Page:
Despite a hard-fought agreement over the weekend between Republicans and President Clinton that immediately returns federal employees to work, Treasury Secretary Robert E. Rubin cautioned Sunday that action is still needed to prevent default on the government’s debts.
On a day when congressional Republicans sharply criticized Clinton’s proposal to balance the federal budget in seven years, Rubin said that lifting the debt ceiling should be resolved irrespective of the ongoing partisan fight over the budget.
Leaders of both parties agree that the debt ceiling needs to be raised, from the current $4.9 trillion to $5.5 trillion. But congressional Republicans have so far been unwilling to meet Rubin’s request for “clean” legislation that would lift the ceiling - without also forcing the president to cede ground in the balanced budget debate.
Clinton’s submission on Saturday night of his own balanced-budget proposal met a demand of congressional Republicans, paving the way for a reopening today of all government operations and services, although the big snowstorm could delay the reopening. Federal employees will remain on the job until Jan. 26 - when another spending measure would be needed.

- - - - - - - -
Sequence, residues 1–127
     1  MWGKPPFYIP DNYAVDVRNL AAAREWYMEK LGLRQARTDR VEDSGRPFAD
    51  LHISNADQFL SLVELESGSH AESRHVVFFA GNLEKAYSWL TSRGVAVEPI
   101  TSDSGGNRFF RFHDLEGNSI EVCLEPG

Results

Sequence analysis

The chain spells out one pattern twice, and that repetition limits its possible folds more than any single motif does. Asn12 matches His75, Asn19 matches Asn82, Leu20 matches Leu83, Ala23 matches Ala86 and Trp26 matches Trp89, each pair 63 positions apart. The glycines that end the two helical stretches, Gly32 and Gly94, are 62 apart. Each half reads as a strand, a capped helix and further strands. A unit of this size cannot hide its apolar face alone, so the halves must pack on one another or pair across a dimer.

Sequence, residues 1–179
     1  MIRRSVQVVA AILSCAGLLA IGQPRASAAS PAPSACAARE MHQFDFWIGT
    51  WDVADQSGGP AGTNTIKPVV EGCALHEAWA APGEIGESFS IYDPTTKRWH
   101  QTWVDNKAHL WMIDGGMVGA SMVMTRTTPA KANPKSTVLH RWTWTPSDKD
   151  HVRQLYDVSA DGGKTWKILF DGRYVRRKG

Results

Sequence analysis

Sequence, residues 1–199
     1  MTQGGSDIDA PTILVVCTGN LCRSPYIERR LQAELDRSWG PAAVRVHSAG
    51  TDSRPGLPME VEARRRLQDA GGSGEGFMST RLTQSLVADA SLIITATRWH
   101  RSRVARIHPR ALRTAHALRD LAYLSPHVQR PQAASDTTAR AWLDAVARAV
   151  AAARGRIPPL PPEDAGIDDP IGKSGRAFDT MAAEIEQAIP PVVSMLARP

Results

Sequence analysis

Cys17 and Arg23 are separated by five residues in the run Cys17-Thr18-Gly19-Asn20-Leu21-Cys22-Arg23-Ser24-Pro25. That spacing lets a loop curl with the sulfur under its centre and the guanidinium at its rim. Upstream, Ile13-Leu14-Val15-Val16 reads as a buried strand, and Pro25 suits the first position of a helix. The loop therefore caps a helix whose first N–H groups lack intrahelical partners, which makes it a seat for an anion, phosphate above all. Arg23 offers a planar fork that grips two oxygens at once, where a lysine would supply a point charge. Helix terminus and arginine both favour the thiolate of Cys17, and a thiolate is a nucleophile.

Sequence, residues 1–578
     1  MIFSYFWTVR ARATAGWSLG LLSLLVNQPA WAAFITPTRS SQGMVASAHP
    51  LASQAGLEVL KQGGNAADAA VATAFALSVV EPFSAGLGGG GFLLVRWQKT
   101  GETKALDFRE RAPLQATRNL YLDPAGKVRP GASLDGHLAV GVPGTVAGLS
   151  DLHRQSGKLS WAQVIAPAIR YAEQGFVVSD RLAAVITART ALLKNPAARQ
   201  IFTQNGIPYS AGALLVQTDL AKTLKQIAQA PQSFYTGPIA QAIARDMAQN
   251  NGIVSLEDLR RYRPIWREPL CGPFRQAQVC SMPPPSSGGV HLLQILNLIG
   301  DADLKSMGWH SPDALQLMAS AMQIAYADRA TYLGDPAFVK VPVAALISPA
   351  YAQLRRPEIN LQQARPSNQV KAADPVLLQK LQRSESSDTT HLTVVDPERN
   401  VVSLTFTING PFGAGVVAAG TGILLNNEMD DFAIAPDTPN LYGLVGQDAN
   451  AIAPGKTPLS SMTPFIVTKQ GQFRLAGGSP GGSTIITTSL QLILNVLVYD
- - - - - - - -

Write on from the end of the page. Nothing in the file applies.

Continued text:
And Rubin, whose recent accounting maneuvers to cover debt payments without a formal lifting of the ceiling drew impeachment threats from Republicans, predicted that Congress will take appropriate action to prevent a default. The treasury secretary has enraged some Republicans by borrowing from civil-service retirement accounts to avert default.
But Rubin indicated that unless Congress acts or unless he can soon identify other lawful means of temporarily making payments, the risk of default would arise around mid-February.
“We will then have a requirement again for additional (debt payments),” Rubin said, appearing on NBC’s “Meet the Press.” Rubin noted that a bipartisan group of six former treasury secretaries has written to House Speaker Newt Gingrich, R-Ga., urging that the debt ceiling be resolved apart from the balanced-budget imbroglio.
House Majority Whip Thomas DeLay, R-Texas, said flatly that Republicans will not agree to separate the lifting of the debt ceiling from their efforts to force Clinton to accept a plan to their liking.
“This president doesn’t want to balance the budget because he is a liberal Democrat (who) wants to continue more spending,” DeLay said.